The first time I tried this game was at a friend’s house. I picked up the guitar, felt like an idiot and quickly failed out of a song. I laughed, shook my head, and headed the controller back to my friend. The game wasn’t for me.
Then I bought the thing.
Once I sat down and started playing this game without worrying about looking like an idiot, I couldn’t stop playing it. Sure, the music was mostly covers of songs I hadn’t heard much of or were never than fond of, but the game was undeniably addicting and fun. I worked my way up the ladder, beating every song on every difficulty except for expert. There are a few stragglers that I just can’t beat no matter how many times I try. The finger dexterity just isn’t there.
The game kick started a genre into prominence. Guitar Freaks may have come first, but there is no denying that Guitar Hero was the game that turned the genre into the most dominating force in the game’s industry until Activision took over and started releasing a game every ten seconds. It is such a shame that the series is now dead, and that the games took such a large decline in quality once Harmonix left. Still, I can still go back to the first two games and have a blast, so at least the legacy the game left behind hasn’t been completely destroyed.
This game was the final straw.
I mentioned how my family had a PS2 that got wrecked. We never replaced it, no matter how much I begged. By 2005, the price of the system was starting to look a lot more manageable. I was able to convince my father to pick one up for me for Christmas. One of the reasons I was so adamant in my pursuits was a demo for God of War that I had played. The game was everything I was looking for. It was big, loud, featured a story based off of Greek mythology, and stellar combat that was amazingly fun to play. I probably played through that demo a dozen times, longing to put my blades into the giant hydra.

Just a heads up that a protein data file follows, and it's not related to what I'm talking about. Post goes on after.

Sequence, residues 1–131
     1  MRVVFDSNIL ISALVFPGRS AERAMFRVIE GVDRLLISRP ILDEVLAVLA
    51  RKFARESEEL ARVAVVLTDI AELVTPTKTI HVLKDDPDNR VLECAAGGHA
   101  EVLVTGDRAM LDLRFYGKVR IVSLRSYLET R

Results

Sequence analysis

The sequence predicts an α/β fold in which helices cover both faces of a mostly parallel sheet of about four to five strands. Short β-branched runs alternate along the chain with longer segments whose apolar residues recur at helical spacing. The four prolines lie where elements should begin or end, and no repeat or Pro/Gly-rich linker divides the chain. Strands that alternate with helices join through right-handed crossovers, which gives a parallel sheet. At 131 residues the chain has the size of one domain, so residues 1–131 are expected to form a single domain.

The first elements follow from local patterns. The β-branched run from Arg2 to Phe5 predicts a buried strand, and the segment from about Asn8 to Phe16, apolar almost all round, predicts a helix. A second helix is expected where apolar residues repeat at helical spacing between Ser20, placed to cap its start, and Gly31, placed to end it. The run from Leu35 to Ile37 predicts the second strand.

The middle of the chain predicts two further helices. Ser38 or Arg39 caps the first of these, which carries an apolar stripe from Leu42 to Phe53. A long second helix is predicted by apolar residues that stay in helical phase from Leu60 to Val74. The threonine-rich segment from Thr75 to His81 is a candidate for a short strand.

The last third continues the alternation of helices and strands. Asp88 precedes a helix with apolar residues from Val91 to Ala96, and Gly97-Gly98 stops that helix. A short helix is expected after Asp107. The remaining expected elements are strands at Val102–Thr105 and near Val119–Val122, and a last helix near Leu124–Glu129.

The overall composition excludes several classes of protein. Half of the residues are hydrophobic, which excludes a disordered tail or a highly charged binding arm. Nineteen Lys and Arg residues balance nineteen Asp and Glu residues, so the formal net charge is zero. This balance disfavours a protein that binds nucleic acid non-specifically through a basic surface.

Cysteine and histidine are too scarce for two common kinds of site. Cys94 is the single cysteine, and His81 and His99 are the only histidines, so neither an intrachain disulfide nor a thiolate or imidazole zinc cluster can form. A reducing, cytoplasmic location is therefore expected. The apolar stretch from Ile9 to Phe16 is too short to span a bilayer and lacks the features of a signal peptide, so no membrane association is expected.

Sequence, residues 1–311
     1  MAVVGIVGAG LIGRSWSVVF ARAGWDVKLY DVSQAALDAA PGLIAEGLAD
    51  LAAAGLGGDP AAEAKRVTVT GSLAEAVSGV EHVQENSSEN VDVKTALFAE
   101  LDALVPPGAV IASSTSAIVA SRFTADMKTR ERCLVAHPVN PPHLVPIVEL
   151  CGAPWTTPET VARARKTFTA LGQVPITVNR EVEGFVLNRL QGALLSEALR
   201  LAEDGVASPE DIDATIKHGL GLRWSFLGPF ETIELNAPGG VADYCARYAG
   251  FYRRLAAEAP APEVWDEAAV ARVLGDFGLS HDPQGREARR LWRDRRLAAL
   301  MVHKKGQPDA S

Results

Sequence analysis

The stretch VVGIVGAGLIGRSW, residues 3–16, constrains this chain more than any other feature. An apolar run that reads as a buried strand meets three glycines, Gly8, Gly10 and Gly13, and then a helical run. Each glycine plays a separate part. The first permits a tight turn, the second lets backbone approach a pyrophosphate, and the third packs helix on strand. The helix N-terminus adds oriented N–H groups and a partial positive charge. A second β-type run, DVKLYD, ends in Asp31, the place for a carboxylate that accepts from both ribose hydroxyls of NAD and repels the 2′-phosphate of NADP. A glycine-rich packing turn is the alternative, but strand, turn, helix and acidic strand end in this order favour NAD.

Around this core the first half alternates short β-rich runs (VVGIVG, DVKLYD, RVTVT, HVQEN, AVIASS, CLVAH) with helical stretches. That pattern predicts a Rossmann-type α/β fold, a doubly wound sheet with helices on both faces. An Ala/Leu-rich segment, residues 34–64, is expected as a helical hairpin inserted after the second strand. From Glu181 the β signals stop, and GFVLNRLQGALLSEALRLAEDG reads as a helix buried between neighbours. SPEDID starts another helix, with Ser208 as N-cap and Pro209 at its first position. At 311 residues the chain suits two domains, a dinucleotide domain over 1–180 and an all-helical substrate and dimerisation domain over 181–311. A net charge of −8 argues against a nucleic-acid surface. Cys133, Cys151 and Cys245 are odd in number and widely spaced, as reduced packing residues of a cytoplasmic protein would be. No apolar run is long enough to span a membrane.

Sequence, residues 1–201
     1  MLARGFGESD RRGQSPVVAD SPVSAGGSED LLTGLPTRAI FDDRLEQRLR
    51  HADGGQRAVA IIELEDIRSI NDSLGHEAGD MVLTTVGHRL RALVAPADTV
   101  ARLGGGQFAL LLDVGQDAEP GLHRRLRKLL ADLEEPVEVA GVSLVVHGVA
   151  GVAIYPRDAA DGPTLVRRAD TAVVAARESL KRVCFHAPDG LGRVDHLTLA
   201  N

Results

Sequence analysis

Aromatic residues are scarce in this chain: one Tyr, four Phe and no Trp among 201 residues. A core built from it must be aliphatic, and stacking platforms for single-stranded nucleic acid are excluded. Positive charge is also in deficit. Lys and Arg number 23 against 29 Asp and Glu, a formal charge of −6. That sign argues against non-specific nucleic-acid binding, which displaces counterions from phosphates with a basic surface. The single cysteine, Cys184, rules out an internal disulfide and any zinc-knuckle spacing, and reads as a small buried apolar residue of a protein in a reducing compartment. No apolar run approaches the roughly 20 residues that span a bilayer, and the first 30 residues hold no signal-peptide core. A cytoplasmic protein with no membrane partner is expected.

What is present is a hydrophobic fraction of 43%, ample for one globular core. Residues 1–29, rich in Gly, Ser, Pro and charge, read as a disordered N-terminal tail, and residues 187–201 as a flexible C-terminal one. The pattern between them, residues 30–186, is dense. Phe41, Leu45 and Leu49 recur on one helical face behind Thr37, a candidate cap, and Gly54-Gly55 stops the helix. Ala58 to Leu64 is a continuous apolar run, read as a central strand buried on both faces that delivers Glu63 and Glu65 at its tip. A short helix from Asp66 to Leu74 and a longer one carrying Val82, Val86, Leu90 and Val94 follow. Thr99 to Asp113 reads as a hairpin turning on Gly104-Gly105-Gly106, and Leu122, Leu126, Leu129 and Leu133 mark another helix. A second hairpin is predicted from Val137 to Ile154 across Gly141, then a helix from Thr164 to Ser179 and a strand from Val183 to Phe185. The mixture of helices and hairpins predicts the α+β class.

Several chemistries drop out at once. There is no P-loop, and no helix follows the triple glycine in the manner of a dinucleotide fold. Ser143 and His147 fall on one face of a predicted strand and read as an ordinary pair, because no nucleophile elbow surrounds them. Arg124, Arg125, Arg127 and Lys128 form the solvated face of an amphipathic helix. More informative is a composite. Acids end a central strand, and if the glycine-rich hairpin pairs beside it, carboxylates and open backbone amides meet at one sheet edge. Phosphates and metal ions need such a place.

When I finally got the game, it was all I could do to stop playing it. I played it pretty much while I was moving out of my house and into my new apartment with some friends. The first thing that was packed up was my PS2, which I took with me so I could keep playing God of War. And, when I had to go back for some things, the PS2 came back with me so I could keep playing.
More importantly, this was the first game in what has quickly become one of my most favorite franchises if not my most favorite. I take days off of work when I have a job to play new entries, I’ll drop over a hundred dollars to get the game, a strategy guide (for the art, I swear) and a new controller. Heck, I bought a PSP when they announced Chains of Olympus, despite the fact that at the time I couldn’t think of too many games I wanted for it.
This game was a serious contender for my top spot, and only when I thought about it long and hard did I put it back a couple of places at number three. The issue here is that the game doesn’t have the best replayability. In fact, I haven’t ever beaten the game more than once. Sure, I pop it in and play for a while, but I never seem to be able to commit to finishing it again. The same can not be said for my next two entries.
I hate GTA.
I know. No one hates GTA, right? It is was of the biggest selling, most critically acclaimed, greatest series of all time! Well for me, I just have never been able to get into the settings. I don’t take pleasure in building an empire based off of drugs and prostitutes, even in a game setting. That might seem hypocritical, since I have no problem slaughtering innocents in God of War, but the difference to me is that something like GoW is more fictionalized, whereas GTA, over the top as it may be, always struck me as being a little too close to home.